The first being the idea that the Wright brothers didn’t approach flight as a singular large problem to be solved, but a multitude of smaller problems to be systematically addressed. It’s the same for a backyard race. The big picture and overarching goal to run one lap more than anyone else is made up of many smaller problems that must be managed: time management, pacing, nutrition, hydration, sleep management, gear management, sock changes, shoe changes, attitude, mental acuity, course navigation, temperature, headlamps, blisters, chafing, electrolytes, etc. Many little successes can lead to a big success, and likewise many little failures can lead to overall failure. The second takeaway was their mindset of attempting to master flight. As the documentary put it, it was simple. Their attitude was “why not us?” I heard it and I thought the same thing about my race tomorrow. Of the 57 runners in the starting corral that could be the last one standing, why not me? I would tweet that thought out at some point during the first morning of the race, not realizing how important it would be in about 30 hours or so.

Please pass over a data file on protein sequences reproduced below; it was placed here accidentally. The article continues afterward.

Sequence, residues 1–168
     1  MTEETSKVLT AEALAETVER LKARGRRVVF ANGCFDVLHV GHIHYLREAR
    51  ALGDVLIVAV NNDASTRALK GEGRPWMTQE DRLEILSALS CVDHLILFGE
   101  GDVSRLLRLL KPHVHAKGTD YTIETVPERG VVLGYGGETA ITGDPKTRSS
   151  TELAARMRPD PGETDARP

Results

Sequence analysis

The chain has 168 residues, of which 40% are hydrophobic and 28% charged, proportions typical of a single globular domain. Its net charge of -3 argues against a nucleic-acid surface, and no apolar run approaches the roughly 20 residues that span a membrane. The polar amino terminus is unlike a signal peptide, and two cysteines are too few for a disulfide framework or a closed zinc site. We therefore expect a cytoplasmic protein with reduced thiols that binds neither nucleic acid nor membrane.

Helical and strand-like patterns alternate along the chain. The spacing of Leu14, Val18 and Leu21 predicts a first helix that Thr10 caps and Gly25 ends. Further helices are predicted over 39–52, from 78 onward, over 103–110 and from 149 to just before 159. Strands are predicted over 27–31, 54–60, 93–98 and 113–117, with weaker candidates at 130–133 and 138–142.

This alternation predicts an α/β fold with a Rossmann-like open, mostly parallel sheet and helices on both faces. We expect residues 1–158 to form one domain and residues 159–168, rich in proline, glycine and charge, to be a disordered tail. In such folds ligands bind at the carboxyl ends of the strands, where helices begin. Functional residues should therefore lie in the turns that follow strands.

The first 24 hours and hundred miles of my race went pretty much exactly as planned, uneventful. It felt like an easy pace that I could do forever for the whole first day and first night. There was lots of shade all day in the woods so temperature never became an issue. I never felt too sleepy overnight and felt refreshed and motivated when the sun came back up and it was time to switch back to the trail course. It was after four laps around the trail course that I hit my first stumbling block. It wasn’t anything major, just muscle soreness and some overall aches and pains from the wear and tear of running over 100 miles. I knew it would become painful at some point, but at this point I knew I still had a long way to go and expected that I had to keep moving for at least another full day before there was any chance of reaching my A goal. The thought of how bad the pain could get and how long it could last messed with my head a bit. I vocalized it in an attempt to get it out of my head and sent my wife a text that simply read “Love you. Hurting” at 9:58 am on Sunday morning.

Scott Snell Beast Coast Trail Running Capital Backyard Ultra
First shoe change for the first night loop.